I’m not sure why they bothered. It’s not like there’s a dearth of dead deer around these parts. On our trip to New York and back, I must have seen several hundred dead deer — lying beside the road, lying on the road, lying a hundred yards back from the road, with their little deer limbs twisted and contorted in a gymnast’s baedeker of positioning. There were deer on their backs, on their sides, on their bellies. There were deer who seemed to be sitting up, human-like, by the roadside, watching the passing cars patiently, unblinkingly.
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It’s a tiny 4,000-watt station based in Wildwood Crest. But if you’ve happened to catch WEZW 93.1 recently, you probably remember it: Since October 17th, it has been playing Christmas music.
Easy 93.1 was the first radio station in the country to flip to Christmas music this year, the second time it’s been the first country in the USA to go all-Christmas. It was also first in 2011.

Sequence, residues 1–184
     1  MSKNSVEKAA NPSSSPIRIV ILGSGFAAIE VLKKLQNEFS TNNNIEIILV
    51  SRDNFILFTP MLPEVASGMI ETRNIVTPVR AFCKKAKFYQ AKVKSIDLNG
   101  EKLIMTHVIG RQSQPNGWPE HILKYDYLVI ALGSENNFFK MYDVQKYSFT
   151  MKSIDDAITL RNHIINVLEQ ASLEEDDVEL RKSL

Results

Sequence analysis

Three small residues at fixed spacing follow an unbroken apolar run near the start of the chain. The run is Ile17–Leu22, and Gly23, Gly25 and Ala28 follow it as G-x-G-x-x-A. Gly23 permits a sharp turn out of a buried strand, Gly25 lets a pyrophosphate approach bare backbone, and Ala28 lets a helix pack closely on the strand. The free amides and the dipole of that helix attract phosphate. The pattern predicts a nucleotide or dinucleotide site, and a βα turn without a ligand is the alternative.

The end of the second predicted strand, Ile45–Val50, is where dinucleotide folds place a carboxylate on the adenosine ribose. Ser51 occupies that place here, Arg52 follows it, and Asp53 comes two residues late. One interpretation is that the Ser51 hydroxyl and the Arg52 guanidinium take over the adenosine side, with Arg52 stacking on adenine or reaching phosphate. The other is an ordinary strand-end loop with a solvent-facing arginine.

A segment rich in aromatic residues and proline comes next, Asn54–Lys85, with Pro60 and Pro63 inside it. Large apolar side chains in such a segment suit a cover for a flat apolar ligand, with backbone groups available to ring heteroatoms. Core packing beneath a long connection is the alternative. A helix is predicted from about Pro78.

Gary Fisher, the owner of station parent company Equity Communications, explains that one of his stations shifted to Christmas music earlier and earlier each year, and it got a good response from listeners each time. They eventually settled on the third Friday in October as the time to make the switch.
“That creates the right combination of controversy, head-scratching and, ultimately, lots of affinity and partisanship,” Fisher says. “And a great deal of affinity to the music.”
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Robert R. Jennings. Photo | Lincoln University
Last week I wrote about street harassment and why women worry, with particular attention to the threat of the unknown and unfamiliar: the strange men that encroach upon a woman’s personal space in public, the terrifying possibilities that wait in dark patches of sidewalk and around the bend of a street corner. But there is something more pervasive that also causes concern: rape culture.